This gas could weaken the Earth’s cooling mechanisms, warns Study. Details here

READING : This gas could emerge as a more important greenhouse gas, after a study carried out warned that this highly reactive gas could weaken one of the Earth’s important cooling systems.

The study published in the journal “Nature Climate Change”, indicates that ozone in the lower atmosphere, in particular, has contributed to the warming of the Southern Ocean.

Ozone made headlines in the 1980s when a hole was discovered in the ozone layer above the South Pole, due to damage caused by chlorofluorocarbons (CFCs), a gas used in the industry and consumer products.

What is ozone

Ozone (O3) is a highly reactive gas composed of three oxygen atoms. It is both a natural product and an artificial product present in the Earth’s upper atmosphere. (the stratosphere) and the lower atmosphere (the troposphere). Depending on where it is in the atmosphere, ozone affects life on Earth either positively or negatively.

Ozone is created in the upper atmosphere by the interaction between oxygen molecules and UV radiation from the sun. In the lower atmosphere, it forms due to chemical reactions between pollutants such as vehicle exhaust and other emissions.

Changes in atmospheric ozone concentrations affect westerly winds in the Southern Hemisphere and cause contrasting near-surface temperature and salt levels in the Southern Ocean. Both affect ocean currents in distinct ways, thus affecting ocean heat absorption.

The ozone layer is vital because it prevents dangerous ultraviolet rays from reaching the Earth’s surface. This discovery led to the Montreal Protocol, an international agreement to stop the production of CFCs.

What does the ozone study say

-Ozone is more than just a pollutant, but can play an important role in climate change.

-Ozone in the lower atmosphere, in particular, has contributed to the warming of the Southern Ocean.

-Changes in ozone levels in the upper and lower atmospheres were responsible for almost a third of the observed warming in ocean waters bordering Antarctica in the second half of the 20th century.

How was the study conducted

The team used models to simulate changes in ozone levels in the upper and lower atmosphere between 1955 and 2000, to isolate them from other influences and augment the current poor understanding of their impact on heat uptake. of the Southern Ocean.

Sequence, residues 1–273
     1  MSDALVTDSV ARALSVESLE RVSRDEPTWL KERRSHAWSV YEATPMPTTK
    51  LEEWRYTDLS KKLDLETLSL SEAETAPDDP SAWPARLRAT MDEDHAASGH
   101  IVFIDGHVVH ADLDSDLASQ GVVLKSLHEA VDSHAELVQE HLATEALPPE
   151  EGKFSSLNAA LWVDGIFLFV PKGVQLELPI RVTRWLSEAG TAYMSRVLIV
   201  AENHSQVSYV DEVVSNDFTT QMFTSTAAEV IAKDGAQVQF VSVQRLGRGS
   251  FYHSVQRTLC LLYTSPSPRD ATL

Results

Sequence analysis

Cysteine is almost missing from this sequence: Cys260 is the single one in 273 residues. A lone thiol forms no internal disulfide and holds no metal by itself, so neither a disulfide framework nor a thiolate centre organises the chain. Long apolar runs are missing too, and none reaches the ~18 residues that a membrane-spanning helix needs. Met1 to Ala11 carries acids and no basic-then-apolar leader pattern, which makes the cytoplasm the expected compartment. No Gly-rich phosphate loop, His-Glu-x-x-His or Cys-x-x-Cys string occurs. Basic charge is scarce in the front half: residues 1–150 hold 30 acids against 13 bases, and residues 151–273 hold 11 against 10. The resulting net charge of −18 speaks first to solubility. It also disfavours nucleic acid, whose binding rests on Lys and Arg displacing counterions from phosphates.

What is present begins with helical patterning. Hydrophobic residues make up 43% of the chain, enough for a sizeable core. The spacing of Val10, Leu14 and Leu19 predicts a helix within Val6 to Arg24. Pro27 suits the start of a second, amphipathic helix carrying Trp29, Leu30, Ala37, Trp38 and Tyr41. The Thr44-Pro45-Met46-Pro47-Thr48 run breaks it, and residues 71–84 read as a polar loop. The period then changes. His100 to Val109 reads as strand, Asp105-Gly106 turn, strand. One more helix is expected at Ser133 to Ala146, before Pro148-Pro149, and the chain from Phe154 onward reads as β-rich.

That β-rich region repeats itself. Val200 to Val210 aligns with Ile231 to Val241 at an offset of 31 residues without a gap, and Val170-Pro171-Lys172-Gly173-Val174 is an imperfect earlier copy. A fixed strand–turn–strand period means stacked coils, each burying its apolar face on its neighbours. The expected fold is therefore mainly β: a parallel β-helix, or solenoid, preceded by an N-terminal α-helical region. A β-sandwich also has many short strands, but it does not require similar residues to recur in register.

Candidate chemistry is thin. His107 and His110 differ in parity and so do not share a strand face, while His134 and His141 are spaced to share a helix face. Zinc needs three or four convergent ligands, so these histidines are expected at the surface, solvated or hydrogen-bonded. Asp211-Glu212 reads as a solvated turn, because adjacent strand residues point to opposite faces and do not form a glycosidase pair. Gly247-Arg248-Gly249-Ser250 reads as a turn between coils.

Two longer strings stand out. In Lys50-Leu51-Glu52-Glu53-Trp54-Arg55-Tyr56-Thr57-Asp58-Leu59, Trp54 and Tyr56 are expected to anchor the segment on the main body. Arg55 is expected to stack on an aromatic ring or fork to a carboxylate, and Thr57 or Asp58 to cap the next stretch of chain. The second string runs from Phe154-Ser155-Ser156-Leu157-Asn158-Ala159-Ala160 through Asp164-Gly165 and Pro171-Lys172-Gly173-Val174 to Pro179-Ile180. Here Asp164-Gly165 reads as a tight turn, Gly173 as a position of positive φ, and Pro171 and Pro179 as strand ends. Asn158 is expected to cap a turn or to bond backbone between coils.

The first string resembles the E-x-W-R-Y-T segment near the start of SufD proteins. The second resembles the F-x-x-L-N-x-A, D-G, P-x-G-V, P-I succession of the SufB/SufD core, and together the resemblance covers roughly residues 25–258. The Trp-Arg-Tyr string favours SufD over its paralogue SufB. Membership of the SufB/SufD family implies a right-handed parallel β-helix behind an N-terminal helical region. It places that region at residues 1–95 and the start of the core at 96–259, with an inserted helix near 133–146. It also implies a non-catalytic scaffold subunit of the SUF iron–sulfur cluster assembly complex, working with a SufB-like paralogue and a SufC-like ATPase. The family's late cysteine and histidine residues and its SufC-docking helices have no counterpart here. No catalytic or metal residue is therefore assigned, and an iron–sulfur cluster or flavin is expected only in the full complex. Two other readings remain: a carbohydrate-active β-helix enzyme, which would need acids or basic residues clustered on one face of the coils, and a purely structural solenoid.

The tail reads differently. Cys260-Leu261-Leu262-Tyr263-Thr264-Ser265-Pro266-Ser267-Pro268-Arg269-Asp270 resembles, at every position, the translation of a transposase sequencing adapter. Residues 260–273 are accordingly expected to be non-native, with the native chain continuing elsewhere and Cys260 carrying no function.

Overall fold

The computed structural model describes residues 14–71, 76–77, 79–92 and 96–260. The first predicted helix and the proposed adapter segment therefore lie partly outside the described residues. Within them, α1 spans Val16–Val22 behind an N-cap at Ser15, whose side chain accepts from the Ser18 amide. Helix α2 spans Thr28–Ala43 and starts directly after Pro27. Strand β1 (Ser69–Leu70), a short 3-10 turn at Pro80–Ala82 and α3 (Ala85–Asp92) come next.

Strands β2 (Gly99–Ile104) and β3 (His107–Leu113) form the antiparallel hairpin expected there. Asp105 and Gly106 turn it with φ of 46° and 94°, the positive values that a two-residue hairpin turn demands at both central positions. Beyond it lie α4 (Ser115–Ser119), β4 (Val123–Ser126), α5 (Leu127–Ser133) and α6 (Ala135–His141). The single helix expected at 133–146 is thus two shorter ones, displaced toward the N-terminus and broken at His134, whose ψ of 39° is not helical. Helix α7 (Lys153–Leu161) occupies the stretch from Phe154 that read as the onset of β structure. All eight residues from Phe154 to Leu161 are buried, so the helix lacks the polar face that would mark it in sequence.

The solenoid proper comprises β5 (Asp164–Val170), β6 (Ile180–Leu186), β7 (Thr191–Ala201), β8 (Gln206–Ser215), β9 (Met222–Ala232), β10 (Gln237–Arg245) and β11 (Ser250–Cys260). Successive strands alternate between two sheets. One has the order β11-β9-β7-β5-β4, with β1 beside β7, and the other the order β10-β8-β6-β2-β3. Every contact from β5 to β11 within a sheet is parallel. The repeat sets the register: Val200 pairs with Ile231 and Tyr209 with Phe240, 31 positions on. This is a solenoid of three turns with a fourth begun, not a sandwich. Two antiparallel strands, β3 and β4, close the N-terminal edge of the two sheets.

These simulations showed that a decrease in ozone in the upper atmosphere and an increase in the lower atmosphere both contribute to the observed warming in the upper 2 km of ocean waters at high latitudes through the overall increase in greenhouse gases. tight.

Conclusions drawn from the study

The study found that increased ozone in the lower atmosphere caused 60% of the ozone-induced global warming observed in the Southern Ocean during the study period – far more than previously thought. previously. This was surprising as increases in tropospheric ozone are primarily considered a climate forcing in the Northern Hemisphere, as this is where the main pollution occurs.

Researchers speak

Dr Michaela Hegglin, Associate Professor of Atmospheric Chemistry and one of the study’s authors, said: “Ozone near the Earth’s surface is harmful to people and the environment, but this study finds that ‘It also has a big impact on the ocean’s ability to absorb excess. the heat of the atmosphere.”

“These findings are eye-opening and underscore the importance of regulating air pollution to prevent rising ozone levels and rising global temperatures,” she added.

Dr Hegglin said: “We have known for some time that the depletion of the ozone layer in the atmosphere has affected the surface climate in the Southern Hemisphere. Our research has shown that ozone is increasing in the lower atmosphere due to air pollution, which occurs mainly in the northern hemisphere and “leakage” in the southern hemisphere, is also a serious problem”.

“There is hope for solutions, and the success of the Montreal Protocol in reducing the use of CFCs shows that international action is possible to prevent damage to the planet,” she added. .

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